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Opinions of Monday, 11 May 2015

Columnist: Okoampa-Ahoofe, Kwame

Is Kwabena Agyepong A Law Unto Himself?

By Kwame Okoampa-Ahoofe, Jr., Ph.D.
Garden City, New York
May 8, 2015

The decision by New Patriotic Party (NPP) General-Secretary Kwabena Agyei Agyepong to brazenly undermine the authority of the party's National Executive Committee (NPP-NEC) must not go unpunished. And it must be promptly and severely punished, in order to instill the requisite level of discipline and decency into Ghana's largest and smartest political party (See "NPP Scribe Waiver Rejected" / 5/6/15). We are told that sometime ago, the NPP-NEC met and decided that any good-standing member of the party who intended to contest the 2016 parliamentary election, both at the primary and general-election level, needed to pay a mandatory application fee of GHC 30,000 (Thirty-Thousand Cedis).

And then Mr. Agyepong, the Kumasi-Fufuo relishing maverick, decided to single-mindedly play Kokofu with this legitimately established rule by conceiving of and writing "waiver letters" for at least some three favorite candidates of his (as of this writing), to enable them file their candidacy applications at 50-percent less the consensually stipulated fee. I hope Mr. Agyepong would shortly come out and make a clean breast of his sentiments on this issue, too, by telling the world, very likely, that he was neither at the party headquarters nor at the NEC meeting at which the GHC 30,000 application-filing fee was decided.

If he was not, then, of course, it is more than quite obvious that Mr. Agyepong contested for the wrong job in Tamale last year. And he had better shape up, in New York street idiom, or ship out, for the New Patriotic Party can ill-afford hiring pathologically narcissistic people like Mr. Agyepong while hoping to have a fighting chance at Election 2016.

The perspective of those who have virulently accused Mr. Agyepong of shamelessly shilling for the Mahama-led National Democratic Congress is becoming uncomfortably clear to me. But, of course, I don't have the requisite evidence to legitimately tag my old Prempeh College classmate as an NDC mole, except the following out-of-context quote from former President John Agyekum-Kufuor that appeared in an article comically captioned "Leave Kwabena Agyepong Alone!": "It is far better to be a messenger in a party in power than the general-secretary of a party in opposition." I am sure Mr. Kufuor would not be very pleased to see and hear this sometime constructive piece of admonishment being insulting misinterpreted by a failed Akufo-Addo detractor desperately fighting for legitimacy and credibility. I know the ancient historic township of Kokofu; I have been there several times myself. I also have part of my moorings, on both sides of my family from Manhyia. This ought to settle all doubts, or doesn't it?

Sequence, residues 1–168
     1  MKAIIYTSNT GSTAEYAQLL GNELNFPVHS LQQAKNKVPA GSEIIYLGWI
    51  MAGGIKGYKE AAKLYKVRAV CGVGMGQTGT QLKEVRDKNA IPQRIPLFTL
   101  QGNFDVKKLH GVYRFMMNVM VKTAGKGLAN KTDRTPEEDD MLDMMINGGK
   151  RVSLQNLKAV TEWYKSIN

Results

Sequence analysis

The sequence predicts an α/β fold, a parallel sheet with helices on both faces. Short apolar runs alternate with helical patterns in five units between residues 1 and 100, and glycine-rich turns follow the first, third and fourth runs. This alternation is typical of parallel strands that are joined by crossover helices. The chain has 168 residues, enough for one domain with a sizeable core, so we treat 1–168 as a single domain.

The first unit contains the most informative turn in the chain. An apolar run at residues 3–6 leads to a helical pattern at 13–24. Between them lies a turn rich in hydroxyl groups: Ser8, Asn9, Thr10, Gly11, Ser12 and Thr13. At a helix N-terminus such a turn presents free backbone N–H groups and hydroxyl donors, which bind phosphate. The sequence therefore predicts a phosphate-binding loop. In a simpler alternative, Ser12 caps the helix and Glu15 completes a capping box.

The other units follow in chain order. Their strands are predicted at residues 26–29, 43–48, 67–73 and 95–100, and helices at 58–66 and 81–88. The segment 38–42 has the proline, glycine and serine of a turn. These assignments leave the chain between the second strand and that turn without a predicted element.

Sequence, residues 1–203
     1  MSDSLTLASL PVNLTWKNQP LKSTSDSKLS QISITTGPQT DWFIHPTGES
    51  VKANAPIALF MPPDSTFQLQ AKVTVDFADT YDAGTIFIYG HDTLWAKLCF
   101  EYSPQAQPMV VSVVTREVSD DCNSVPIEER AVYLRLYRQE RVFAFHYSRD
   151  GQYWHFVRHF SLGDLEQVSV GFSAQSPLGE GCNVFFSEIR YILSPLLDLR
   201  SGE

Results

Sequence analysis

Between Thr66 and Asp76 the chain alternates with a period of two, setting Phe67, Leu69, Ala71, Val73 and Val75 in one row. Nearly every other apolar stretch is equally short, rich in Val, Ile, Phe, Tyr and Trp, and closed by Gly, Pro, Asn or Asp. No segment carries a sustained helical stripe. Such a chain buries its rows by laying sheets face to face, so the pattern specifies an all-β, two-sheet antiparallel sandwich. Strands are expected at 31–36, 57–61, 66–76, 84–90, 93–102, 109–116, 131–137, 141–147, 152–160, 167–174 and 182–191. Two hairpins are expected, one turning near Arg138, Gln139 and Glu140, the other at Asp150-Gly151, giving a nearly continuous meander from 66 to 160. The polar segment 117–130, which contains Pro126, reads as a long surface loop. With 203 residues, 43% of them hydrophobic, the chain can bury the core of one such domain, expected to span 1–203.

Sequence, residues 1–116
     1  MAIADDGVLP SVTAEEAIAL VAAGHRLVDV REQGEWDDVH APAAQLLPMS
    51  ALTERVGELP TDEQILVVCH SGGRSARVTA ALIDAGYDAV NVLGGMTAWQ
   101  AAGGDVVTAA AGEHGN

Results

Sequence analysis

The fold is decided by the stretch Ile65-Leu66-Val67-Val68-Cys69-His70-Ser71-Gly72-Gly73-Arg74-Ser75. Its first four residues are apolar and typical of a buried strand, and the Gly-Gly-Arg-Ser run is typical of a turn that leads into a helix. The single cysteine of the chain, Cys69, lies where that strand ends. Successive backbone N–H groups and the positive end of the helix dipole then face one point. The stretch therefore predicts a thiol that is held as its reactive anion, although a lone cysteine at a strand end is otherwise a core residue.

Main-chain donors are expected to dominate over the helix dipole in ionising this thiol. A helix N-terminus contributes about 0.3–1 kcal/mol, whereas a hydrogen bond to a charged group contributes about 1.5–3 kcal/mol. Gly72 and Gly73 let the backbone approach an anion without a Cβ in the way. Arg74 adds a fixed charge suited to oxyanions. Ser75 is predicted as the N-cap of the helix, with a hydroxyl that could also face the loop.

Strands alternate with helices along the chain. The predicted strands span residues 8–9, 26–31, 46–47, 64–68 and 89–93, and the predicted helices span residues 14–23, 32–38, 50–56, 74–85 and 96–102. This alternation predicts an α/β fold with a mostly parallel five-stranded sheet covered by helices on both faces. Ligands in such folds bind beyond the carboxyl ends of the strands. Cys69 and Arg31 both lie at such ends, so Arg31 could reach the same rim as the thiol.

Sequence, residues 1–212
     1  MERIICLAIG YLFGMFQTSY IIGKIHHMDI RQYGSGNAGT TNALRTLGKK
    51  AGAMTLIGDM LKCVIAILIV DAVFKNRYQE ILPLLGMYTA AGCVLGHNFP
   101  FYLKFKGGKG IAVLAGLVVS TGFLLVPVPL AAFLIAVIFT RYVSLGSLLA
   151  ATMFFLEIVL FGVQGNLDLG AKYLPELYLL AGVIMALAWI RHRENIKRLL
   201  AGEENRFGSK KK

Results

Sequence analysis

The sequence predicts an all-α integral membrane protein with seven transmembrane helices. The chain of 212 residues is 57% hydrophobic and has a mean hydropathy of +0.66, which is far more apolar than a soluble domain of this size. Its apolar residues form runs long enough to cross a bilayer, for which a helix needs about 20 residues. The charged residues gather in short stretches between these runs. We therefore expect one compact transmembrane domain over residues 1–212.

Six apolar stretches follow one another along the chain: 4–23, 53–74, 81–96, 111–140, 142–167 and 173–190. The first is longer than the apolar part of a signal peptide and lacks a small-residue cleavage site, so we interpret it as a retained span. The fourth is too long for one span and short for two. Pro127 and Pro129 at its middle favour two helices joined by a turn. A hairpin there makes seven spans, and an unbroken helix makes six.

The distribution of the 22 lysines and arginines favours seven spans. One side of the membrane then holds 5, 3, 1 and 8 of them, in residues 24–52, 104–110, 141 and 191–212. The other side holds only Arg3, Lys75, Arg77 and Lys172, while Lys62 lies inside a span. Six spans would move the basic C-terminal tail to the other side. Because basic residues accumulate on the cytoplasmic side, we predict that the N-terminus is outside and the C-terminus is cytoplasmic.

For all one cares to know, part of his egregious misbehavior may well stem from such intemperate public accusations, although I am equally in no forensically sustainable position to boldly back up such claim. What I can, however, say for certain, based largely on my gleanings from his public behavior and demeanor and deportment, so far, is that whatever agenda Mr. Agyepong might have come to his NPP scribe's job with definitely does not include him working hard and around the clock to ensure that the Akufo-Addo-led New Patriotic Party carries the vote in the 2016 general election.

For starters, the NPP General-Secretary's Kumasi-Fufuo-Eating riposte to the National Steering-Committee members of the NPP demonstrated neither cultural refinement nor the sort of administrative tact and gravitas required to manage the daily affairs of a party that has the enviable record of having afforded Ghanaians the most progressive democratic governance of any consecutive 8-year period in the country's postcolonial history.

So far, other than childishly threatening his "detractors" with punishment from Antoa-Nyama, the globally renowned and fearsome Asante deity, as well as threatening to "wash the party's dirty linen in public" (which is strong reason enough for his summary expulsion), Mr. Agyepong has yet to meaningfully respond to the latest charge of gross insubordination, which ought to be punishable by summary discharge, or expulsion, if such penalty is not already written into the constitution of the New Patriotic Party.